NJ Federal Court Confirms the Importance of Ascertaining the Amount in Controversy Before Removal to Federal Court

Print Friendly, PDF & Email

by Arooj Siraj, Esq.

The United States District Court for the District of New Jersey recently ruled that a plaintiff’s refusal to admit or deny the amount of monetary damages was not sufficient to give the federal court subject matter jurisdiction over the case.  See Melvin v. Costco Wholesale Corp., 2:21-cv-13934 (D.N.J. Jan. 3, 2022) (Judge Martinotti). Plaintiff, Renard Melvin, initiated a lawsuit in state court against his former employer, Defendant, Costco Wholesale Corp. for failure to provide reasonable accommodation for his alleged disability. Approximately 173 days after filing the Answer, Costco served Melvin with a request for admission, asking Melvin to admit that the amount in controversy is less than $75,000 (the minimum amount required to confer jurisdiction on the federal court). In response, Melvin conveyed that it was impossible to admit or deny the request. As a result, Costco removed the suit to federal court based on diversity jurisdiction.

Melvin then filed a motion to remand the case back to state court on the ground that removal was not filed within the thirty day period after receiving the Complaint as required under 28 U.S.C. § 1446(b). In its opposition, Costco relied on the exception outlined in 28 U.S.C. § 1446(b)(3) which allows a party to remove a case to federal court after the initial thirty day window, where federal jurisdiction was not apparent and after receiving a copy of “other paper from which it may first be ascertained” that the case is removable. As such, Costco argued that it only became aware of the amount in controversy after Melvin’s request for admission responses.

The court evaluated the motion to remand by going through a two-step analysis: (1) whether the initial pleading on its face was removable and (2) whether Melvin’s request for admission response had sufficient information from which Costco could reasonably conclude that the case was removable. As to the first step, the court agreed with Costco, finding that the case was not initially removable based on the pleading because Melvin did not give notice that the amount in controversy could exceed the minimum amount and Costco’s independent calculation of damages amounted to a mere $3,270.

However, in the second step of the analysis, the court found that Melvin’s refusal to concede that the amount in controversy exceeded $75,000 was insufficient to give notice of damages and trigger the thirty-day removal period to confer federal subject matter jurisdiction over the case. In particular, the court noted that Costco, not Melvin bears the burden of demonstrating that the amount in controversy exceeds the statutory threshold, which Costco did not. Accordingly, the court granted Melvin’s motion to remand the case to state court.

This case illustrates the delicate position defendants are in when approaching amounts in controversy for purposes of removal. Costco’s strategy was to employ the often under-utilized tool of a request for admission to force the plaintiff into admitting that the maximum amount in controversy was below $75,000, thereby either (1) limiting plaintiff’s recoverable damages or (2) meeting the amount in controversy requirement for removal to federal court.  Unfortunately, while this creative strategy was not successful for Costco, it does provide an informative example of the importance of ascertaining the amount in controversy before removal.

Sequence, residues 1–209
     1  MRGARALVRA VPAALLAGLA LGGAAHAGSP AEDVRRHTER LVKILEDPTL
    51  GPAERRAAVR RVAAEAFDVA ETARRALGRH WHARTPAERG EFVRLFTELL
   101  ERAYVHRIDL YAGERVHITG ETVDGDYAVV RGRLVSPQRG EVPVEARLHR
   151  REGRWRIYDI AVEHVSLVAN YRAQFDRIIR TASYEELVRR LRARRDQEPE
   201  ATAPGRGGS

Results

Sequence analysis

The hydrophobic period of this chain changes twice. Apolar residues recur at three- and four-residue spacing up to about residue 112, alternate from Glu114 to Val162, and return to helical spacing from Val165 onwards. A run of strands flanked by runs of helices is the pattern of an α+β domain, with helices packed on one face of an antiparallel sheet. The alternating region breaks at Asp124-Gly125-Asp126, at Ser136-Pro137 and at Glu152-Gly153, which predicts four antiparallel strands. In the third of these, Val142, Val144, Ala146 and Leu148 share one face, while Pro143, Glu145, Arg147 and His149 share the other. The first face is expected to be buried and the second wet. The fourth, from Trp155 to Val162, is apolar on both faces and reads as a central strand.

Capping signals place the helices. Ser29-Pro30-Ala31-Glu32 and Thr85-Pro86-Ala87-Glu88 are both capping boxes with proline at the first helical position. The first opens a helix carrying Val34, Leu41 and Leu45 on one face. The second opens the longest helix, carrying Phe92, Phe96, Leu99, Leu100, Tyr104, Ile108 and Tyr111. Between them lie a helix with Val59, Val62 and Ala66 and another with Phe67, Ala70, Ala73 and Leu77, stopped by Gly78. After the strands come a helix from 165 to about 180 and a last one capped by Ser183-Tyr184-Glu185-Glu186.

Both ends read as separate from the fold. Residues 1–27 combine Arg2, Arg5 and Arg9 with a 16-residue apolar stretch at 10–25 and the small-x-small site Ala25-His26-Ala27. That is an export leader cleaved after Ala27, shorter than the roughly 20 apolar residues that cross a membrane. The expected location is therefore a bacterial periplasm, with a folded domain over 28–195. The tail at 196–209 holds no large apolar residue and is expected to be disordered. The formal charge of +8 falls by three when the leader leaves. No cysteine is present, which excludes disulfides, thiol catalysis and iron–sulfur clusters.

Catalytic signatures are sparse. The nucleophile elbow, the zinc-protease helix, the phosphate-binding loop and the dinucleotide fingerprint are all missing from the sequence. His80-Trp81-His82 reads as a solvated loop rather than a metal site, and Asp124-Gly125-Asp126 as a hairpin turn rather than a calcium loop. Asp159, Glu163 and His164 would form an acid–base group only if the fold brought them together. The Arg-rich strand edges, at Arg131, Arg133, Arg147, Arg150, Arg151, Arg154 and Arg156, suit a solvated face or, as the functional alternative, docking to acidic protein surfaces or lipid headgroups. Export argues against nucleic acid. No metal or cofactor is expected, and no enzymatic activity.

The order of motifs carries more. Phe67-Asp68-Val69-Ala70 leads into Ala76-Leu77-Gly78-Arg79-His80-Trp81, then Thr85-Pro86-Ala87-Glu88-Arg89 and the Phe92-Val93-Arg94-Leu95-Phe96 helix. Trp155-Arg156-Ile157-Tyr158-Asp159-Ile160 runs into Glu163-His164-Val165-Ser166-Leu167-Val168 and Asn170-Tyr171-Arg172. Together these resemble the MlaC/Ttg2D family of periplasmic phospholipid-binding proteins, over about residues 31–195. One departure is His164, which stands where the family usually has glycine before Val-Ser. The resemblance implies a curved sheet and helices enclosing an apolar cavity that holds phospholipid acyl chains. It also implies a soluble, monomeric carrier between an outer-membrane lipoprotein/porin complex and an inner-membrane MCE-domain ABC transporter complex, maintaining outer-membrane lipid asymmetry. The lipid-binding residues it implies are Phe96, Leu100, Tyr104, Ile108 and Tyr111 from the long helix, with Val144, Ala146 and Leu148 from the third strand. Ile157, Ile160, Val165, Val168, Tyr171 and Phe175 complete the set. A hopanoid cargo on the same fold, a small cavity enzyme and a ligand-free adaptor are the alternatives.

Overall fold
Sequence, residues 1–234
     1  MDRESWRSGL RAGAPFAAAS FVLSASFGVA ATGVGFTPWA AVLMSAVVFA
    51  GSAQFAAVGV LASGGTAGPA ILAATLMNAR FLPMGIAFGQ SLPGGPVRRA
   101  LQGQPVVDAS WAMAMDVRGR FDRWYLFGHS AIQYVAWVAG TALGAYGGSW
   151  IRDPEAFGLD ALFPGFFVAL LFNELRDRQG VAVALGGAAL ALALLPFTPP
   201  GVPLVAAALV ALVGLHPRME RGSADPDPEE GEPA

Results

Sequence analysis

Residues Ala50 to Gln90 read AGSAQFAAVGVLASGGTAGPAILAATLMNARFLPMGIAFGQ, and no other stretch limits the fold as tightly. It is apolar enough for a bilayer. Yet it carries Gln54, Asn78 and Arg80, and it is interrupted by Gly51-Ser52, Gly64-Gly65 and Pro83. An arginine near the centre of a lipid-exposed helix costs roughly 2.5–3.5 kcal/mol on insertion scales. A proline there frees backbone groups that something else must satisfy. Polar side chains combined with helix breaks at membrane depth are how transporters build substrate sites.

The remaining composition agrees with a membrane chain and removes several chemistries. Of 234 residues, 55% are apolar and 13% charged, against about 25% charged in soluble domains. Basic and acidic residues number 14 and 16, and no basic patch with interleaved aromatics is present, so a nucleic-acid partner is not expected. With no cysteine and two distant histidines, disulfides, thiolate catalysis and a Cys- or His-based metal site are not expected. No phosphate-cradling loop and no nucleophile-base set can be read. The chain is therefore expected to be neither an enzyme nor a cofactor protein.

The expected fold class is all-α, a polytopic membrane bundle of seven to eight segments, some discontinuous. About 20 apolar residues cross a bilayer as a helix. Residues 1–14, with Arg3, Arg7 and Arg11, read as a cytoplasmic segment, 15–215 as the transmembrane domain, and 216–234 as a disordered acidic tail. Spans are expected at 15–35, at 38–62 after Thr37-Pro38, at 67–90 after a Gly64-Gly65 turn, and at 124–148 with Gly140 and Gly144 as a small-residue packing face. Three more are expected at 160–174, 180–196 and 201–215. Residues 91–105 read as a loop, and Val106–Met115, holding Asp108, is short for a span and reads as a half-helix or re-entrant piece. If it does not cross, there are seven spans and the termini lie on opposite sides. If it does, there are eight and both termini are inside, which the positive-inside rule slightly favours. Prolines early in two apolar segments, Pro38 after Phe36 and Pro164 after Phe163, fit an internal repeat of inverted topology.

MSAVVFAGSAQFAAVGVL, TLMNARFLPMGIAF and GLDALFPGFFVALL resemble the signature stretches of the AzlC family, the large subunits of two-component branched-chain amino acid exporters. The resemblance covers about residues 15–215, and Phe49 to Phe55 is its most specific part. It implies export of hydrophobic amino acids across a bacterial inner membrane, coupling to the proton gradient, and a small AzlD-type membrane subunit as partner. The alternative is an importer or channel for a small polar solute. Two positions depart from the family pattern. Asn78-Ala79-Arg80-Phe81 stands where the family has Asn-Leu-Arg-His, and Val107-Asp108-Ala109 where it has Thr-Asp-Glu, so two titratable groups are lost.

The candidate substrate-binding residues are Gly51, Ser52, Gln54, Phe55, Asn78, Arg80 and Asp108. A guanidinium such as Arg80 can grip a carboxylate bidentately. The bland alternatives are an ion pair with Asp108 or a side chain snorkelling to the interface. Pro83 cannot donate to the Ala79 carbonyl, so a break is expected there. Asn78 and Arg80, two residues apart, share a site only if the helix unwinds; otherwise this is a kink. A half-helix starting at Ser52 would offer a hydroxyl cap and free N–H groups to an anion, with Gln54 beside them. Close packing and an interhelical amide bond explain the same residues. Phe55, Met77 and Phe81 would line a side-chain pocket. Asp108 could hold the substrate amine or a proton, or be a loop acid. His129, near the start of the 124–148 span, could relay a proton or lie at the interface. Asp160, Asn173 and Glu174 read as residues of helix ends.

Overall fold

The opinion can be found at https://casetext.com/case/melvin-v-costco-wholesale-corp

Please contact me or another member of NFC’s litigation team if you have any questions.

SIGN UP

SIGN UP NOW to receive time sensitive employment law alerts and invitations to complimentary informational webinars and seminars.

"*" indicates required fields

This field is for validation purposes and should be left unchanged.

By clicking this button and submitting information to us, you will be submitting certain personally identifiable information, or information which used together with other information, can be used to identify you and/or identify information about you, to Nukk-Freeman & Cerra, PC (“NFC”). Such information may be used by NFC to contact or identify you. Personally identifiable information may include, but is not limited to, your [name, phone number, address and/or] email address. We collect this information for the purpose of providing services, identifying and communicating with you, responding to your requests/inquiries, and improving our services. We may use your personally identifiable Information to contact you with time sensitive employment law e-alerts, marketing or promotional offers, invitations to complimentary and informational webinars and seminars, and other information that may be of interest to you. However, by providing any of the foregoing information to you, we are not creating an attorney-client relationship between you and NFC: nor are we providing legal advice to you. You may opt out of receiving any, or all, of these communications from us by following the unsubscribe link in any email we send. However, this will not unsubscribe you from receiving future communications from us which are based upon an independent request, relationship or act by you.